In the fields "Longitude" and "Latitude", enter the geographical coordinates of the point (usual GPS coordinates). The "Grid coordinates" are optional and can be entered only when using the "Cartographic projection" method. The grid (or projected) coordinates are often shown on the map by a regularly spaced grid. They would correspond for instance the Swedish coordinates on a Swedish map. On the screenshots above of a swiss map, the grid coordinates are Swiss coordinates.
When entering the longitude and latitude, the corresponding grid coordinates are calculated automatically. Conversely, when entering the grid coordinates, the corresponding longitude and latitude are automatically determined. If the grid coordinates are shown on the map (as in the above screenshot), it is obviously quite convenient to use these coordinates. A button "Set to current location" can be tapped to fill-in the longitude and latitude coordinates with the current GPS location.
Once two calibration points have been entered (or 4 if you chose to define 4 of them), Multiplans calculates automatically the resolution of the map.
Tip: When using 4 calibration points, it is best to place those points near the 4 corners of the map (which is their default positions). When using only 2 calibrations points, they should be placed close to two diagonally opposite corners to maximize the accuracy of the calibration.
Google maps can be used to find the longitude and latitude coordinates of any point in the world: right click on a point in Google maps
, and select "More information about this place".
How to convert sexagesimal coordinates (degrees, minutes, seconds): longitude and latitude coordinates are sometimes given in sexagesimal, whereas Multiplans accepts only decimal coordinates (in degrees and fractions of degrees). To convert sexagesimal coordinates in decimal coordinates, simply divide by the minutes by 60 and the seconds by 3600.
Example: 6 ° 3 '45.3'' = 6 + 3/60 + 45.3/3600 = 6.0625833 °
Two calibration points have been defined on this map. In the calibration screen, one can enter either their longitude and latitude coordinates (usual GPS coordinates, WGS84 datum) in the appropriate text fields "longitude" and "latitude", or their projected coordinates (here swiss coordinates) in the text fields "grid coordinates". Once these coordinates have been entered in the calibration screen, Multiplans calculates automatically the resolution (in meter/pixel) of the map.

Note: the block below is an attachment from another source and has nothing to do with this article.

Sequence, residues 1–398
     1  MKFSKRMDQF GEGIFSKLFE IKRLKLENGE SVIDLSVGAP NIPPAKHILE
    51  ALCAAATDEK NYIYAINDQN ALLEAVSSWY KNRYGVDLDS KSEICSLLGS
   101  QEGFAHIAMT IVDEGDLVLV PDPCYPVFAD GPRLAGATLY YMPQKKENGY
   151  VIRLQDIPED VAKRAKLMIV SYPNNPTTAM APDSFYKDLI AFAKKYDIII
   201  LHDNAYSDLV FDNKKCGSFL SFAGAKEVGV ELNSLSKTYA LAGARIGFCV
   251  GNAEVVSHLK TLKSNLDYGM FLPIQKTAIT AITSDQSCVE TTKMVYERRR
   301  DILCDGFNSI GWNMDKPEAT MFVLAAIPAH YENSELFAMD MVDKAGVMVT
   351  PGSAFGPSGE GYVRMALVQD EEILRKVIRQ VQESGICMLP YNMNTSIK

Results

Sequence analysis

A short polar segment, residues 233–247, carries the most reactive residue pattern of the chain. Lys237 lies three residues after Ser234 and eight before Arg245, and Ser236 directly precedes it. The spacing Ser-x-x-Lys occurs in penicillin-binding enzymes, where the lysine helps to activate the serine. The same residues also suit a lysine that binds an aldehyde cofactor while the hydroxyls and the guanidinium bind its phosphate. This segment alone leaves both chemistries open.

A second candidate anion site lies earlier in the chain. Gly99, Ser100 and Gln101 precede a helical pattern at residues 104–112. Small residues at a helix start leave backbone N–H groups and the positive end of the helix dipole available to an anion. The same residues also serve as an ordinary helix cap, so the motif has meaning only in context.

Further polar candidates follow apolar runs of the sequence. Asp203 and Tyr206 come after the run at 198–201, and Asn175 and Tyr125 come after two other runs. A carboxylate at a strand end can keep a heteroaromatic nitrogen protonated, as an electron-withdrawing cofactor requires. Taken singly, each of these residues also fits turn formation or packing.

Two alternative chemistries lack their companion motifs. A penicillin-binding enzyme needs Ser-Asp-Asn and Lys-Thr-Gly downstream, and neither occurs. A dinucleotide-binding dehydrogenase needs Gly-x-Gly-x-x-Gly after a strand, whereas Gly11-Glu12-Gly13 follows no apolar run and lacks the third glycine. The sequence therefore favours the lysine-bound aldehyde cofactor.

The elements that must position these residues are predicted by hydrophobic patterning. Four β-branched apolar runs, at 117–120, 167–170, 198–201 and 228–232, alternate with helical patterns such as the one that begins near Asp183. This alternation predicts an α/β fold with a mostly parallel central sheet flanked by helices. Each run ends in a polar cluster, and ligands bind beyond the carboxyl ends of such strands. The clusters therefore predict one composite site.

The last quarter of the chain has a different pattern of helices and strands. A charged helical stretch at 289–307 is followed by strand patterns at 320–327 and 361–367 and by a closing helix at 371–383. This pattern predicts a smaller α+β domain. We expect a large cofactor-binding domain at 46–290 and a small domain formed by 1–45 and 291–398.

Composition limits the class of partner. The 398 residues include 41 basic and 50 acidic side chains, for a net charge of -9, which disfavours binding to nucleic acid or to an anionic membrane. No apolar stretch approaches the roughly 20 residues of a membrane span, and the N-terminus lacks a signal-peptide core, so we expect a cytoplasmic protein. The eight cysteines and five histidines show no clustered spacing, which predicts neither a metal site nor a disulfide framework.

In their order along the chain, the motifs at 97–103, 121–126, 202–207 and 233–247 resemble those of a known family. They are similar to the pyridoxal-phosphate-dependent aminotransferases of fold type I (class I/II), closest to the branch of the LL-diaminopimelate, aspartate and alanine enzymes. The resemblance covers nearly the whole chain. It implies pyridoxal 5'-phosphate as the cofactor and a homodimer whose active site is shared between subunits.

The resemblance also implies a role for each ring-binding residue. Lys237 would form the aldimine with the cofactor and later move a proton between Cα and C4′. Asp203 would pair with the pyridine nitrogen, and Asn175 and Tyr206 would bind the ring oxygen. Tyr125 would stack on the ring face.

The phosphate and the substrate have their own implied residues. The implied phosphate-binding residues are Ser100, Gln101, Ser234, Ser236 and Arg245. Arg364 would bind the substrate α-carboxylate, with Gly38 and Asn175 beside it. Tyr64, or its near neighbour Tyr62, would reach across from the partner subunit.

On mapviewer sites, the resolution is often nice round numbers, like 5 m/pixel for instance. If one has chosen to define only one calibration point, the resolution must be entered manually.
See the Support forum which contains further examples how to calibrate maps.
A calibration file might already be provided with your map. Those have extensions like .map, .TAB, .TFW, .JPW, .PGW, etc.
Multiplans can read automatically .map calibration files(*), and also ref.txt
calibration files, see page zip archive
. The support for .map calibration files is only partial and the conversion can be inaccurate for exotic projections. Multiplans converts .map calibrations into a bilinear interpolation with 4 calibration points, those written on lines MMPXY and MMPLL in the .map file.
The calibration information stored in the other calibration file formats cannot be interpreted automatically by Multiplans, but it can be helpful to speed-up the manual calibration of the map (to copy-paste the pixels and geographical coordinates of calibration points for instance). More info on other calibration files.
Note: The program MAPC2MAPC (windows) can open maps with all kinds of calibration files (ECW, GeoTIFF, MAP, KAP, JPR, TAB, TFW, JPW, PGW and KMZ files and save them in the OSZ format, which can be imported directly in Multiplans.